Survival Guide: Two Days to go

Today is a day for personal reconstruction and working through to make sense of this Mayan Doomsday. Your mind should get back to work, and you will find yourself seeking realistic solutions to problems posed by the upcoming apocalypse, such as collecting firewood.IMAG1778 To Hear: Transient Random-Noise Bursts (Stereolab) Looping moments to think and plan. stereolab_transientTo Watch: Bicycle Thieves (Vittorio De Sica) It’s sad and beautiful story, and although things don’t work out like you hope, there is promise at the end. bike thiefTo Read: To Kill a Mockingbird (Harper Lee) Compromise and sacrifice from innocent eyes.tkamTo Do: Reach out to somebody you haven’t been so kind to in the past and try to make good. It’s worth a shot.

Survival Guide: An Upward Turn

As you start to adjust to the imminent end – now just three days away – your life should become calmer and more organized. You are in the upward turn. (That was quick!) Your physical symptoms lessen, and your depression begins to lift slightly. The closing of Mozart’s La Nozze di Figaro just might be, as artist Ragnar Kjartansson suggests, the most beautiful minutes of music ever recorded. Put it on a loop and listen again and again. Phone 167Wes Anderson’s Fantastic Mr. Fox is an absolute treasure, combining sophisticated story-telling with joyous detail and wit. I guess my point is, we’ll eat tonight, and we’ll eat together. And even in this not particularly flattering light, you are without a doubt the five and a half most wonderful wild animals I’ve ever met in my life. So let’s raise our boxes – to our survival. mrfoxThe Little Prince, by Antoine de Saint-Exupery, is also something to behold. It’s short and lovely and there’s pictures too. All grown-ups were once children… but only few of them remember it.princeIt’s time to get out there and do something active. Ride a bike, go for a walk or a swim, do anything but a run. That’s bad for your knees and hips.

Apocalypse Survival: We Must Change

We must change.” So pronounced President Obama at a memorial service on Sunday for the families of victims of the mass shooting at Sandy Hook Elementary School in Newtown, Connecticut. obamaHe is right. There is no doubting that. We are an extremely violent species with an unconscionable past. And we must change that. But can we? Is there really any way to do this? My money is against. The fourth stage of accepting the oncoming apocalypse is a day on which depression, reflection and loneliness dominate. This is supposed to be a long period of sad reflection, but you’ve only got the day. You realize the true magnitude of your loss, and you isolate yourself on purpose. William Basinki’s The Disintegration Loops is ideal for this state of mind. Created in Brooklyn on 9/11, these CDs document the disintegration of sound on reel-to-reel tapes. loopsThere are five CDs in all, but Disintegration Loop 5 is 52 minutes well worth trying. Michaelangelo Frammartino’s Quattro Volte evokes a similar feeling; it is a film with a disintegrating narrative of sorts, using an old shepherd, a baby goat, a tree and smoke, in that order. quattroIt’s a remarkable film for contemplation. Jose Saramago’s Blindness is far more harrowing, starting with a plague of white blindness that gets worse and worse and worse. It is next to impossible to put down. blindnessPresident Obama concluded his speech with the following: “We can’t accept events like this as routine. Are we really prepared to say that we are powerless in the face of such carnage? That the politics are too hard? Are we prepared to say that such violence visited on our children year after year after year is somehow the price of our freedom?” What are you prepared to do? Genuinely. What? It’s something to think about and act upon. We must change.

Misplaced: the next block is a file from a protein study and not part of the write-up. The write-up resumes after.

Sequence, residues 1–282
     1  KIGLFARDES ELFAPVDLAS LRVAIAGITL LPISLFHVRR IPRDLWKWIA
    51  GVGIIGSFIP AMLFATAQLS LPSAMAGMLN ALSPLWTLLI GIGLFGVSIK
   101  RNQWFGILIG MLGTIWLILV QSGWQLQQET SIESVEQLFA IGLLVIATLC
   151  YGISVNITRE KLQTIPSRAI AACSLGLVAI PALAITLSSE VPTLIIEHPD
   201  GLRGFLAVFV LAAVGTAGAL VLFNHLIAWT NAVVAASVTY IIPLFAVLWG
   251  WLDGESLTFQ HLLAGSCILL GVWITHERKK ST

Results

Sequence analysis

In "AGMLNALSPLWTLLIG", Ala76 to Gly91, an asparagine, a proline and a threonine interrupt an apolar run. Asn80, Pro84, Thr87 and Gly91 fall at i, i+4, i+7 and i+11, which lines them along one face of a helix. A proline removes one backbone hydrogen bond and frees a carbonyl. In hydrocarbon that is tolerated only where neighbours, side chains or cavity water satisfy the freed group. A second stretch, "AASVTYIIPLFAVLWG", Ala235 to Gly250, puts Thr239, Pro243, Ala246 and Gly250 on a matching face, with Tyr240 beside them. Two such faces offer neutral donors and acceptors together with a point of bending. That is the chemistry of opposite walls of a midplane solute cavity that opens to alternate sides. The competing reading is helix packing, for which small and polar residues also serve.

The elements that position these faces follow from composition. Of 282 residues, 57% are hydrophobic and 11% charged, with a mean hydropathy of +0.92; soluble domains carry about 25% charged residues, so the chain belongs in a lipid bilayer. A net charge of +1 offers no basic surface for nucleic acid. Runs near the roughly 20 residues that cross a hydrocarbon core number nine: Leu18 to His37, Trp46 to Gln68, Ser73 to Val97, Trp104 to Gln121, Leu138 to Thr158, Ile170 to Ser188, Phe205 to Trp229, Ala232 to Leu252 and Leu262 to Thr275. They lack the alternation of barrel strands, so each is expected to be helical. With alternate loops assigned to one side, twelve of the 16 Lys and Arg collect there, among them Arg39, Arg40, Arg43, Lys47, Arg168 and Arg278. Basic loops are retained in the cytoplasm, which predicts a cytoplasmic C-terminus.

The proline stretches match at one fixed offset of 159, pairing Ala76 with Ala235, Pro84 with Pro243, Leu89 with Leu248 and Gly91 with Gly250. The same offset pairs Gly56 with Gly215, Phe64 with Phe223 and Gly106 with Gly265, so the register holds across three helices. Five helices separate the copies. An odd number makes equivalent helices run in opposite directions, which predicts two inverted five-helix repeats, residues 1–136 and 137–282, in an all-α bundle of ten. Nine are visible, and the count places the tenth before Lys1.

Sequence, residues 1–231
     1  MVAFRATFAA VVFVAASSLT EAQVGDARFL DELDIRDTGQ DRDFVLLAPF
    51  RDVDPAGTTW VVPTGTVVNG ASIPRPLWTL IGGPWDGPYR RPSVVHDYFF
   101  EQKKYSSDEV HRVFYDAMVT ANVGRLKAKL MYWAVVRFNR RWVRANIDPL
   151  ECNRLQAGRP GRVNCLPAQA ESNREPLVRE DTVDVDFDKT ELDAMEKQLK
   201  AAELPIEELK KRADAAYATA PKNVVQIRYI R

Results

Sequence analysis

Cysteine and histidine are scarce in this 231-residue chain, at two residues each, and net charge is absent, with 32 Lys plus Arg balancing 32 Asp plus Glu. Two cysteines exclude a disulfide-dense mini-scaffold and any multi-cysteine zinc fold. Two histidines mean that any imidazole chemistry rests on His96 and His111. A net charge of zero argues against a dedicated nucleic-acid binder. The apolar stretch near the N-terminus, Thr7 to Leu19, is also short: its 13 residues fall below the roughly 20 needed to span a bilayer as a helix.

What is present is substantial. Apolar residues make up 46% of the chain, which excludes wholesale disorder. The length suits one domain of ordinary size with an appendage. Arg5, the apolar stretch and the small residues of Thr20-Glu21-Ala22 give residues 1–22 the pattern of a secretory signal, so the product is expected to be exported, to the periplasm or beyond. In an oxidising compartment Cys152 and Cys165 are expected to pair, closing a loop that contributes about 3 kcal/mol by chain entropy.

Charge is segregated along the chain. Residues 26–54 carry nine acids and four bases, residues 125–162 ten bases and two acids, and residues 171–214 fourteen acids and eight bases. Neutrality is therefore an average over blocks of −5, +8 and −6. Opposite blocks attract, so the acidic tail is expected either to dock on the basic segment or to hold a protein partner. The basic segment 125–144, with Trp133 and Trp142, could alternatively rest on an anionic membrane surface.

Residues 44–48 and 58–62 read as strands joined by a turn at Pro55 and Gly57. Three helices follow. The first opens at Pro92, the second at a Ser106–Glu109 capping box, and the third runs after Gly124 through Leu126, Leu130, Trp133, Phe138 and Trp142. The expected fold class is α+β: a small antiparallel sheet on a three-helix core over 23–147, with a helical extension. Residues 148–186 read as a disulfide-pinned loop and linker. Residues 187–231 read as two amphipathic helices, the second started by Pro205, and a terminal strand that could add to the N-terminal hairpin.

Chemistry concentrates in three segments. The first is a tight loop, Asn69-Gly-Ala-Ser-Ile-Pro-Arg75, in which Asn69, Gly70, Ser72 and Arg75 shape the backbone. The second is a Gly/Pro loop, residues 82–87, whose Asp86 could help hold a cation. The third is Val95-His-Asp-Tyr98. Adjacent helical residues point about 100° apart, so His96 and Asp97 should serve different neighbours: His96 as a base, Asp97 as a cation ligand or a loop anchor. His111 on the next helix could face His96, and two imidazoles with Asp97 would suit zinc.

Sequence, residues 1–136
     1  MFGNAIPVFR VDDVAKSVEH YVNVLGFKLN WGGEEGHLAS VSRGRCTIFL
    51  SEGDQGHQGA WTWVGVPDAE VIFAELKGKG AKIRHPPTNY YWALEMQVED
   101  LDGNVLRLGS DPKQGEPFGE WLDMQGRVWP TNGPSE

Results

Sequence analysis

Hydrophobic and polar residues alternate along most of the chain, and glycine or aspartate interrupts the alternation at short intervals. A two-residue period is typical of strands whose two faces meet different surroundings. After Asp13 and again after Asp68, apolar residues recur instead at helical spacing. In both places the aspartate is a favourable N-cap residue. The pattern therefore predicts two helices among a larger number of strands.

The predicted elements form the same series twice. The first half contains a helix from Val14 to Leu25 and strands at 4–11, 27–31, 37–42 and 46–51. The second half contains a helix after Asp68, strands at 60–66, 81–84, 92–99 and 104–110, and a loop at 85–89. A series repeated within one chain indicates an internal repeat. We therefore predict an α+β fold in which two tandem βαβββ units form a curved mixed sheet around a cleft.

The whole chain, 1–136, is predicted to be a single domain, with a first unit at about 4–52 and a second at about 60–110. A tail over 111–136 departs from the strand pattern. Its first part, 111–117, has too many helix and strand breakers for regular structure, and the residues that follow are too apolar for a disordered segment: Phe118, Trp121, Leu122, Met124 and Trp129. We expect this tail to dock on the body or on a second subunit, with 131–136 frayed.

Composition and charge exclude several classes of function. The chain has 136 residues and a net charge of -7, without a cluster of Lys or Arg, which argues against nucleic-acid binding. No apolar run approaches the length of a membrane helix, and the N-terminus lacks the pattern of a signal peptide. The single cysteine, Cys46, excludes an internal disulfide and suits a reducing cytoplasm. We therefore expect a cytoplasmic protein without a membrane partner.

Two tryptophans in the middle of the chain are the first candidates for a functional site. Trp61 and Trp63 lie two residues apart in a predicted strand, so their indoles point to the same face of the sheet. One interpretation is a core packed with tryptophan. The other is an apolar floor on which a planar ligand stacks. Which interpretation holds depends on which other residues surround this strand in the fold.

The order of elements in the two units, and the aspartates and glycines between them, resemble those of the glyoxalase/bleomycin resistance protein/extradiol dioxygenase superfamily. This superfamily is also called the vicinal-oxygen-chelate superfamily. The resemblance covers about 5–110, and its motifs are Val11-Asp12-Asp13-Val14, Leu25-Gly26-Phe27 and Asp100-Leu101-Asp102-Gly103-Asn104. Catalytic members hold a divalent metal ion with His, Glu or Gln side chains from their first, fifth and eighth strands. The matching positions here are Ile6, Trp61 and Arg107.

Survival Guide: Time to Get Angry

You only have five days before the Mayan Day of Doom, and it’s time to get angry.  finchThe world is fraught with injustice, much of it self-imposed. What is wrong with us?! It is exhausting to consider. It’s so stupid! What have we done!? Arghh. You may also need try to bargain with the powers that be for a way out of your despair (“I will never eat Lucky Charms again if this world won’t end”) even if you know that none of it will work. luckyIt’s a process, one step at a time. There is a lot of angry music that might help get you in the mood, including Nine Inch Nail’s The Fragile and Rage Against the Machine’s The Battle for Los Angeles, but Sinead O’Connor’s The Lion and the Cobra captures this deep-seeded emotion most profoundly. You’re still spitting fire/ Makes no difference what you say/ You’re still a liar! sineadThere are far too many angry people-with-guns movies, and I am sick of those. Werner Herzog’s Aguirre, Wrath of God is a much better tonic. Aguirre is as angry as it gets, none other than the self-proclaimed wrath of god. aguirreYou should also read Dee Brown’s Bury my Heart at Wounded Knee, a chronicle of the systematic destruction of the Native Indians in the western United States. It underlines the errors of our ways with depressing clarity. bury my heart After that, physical labor will do you good. Burn your anger off. And if it’s still boiling, get a punching bag and have at it. daffy

Survival Guide: Pain and Guilt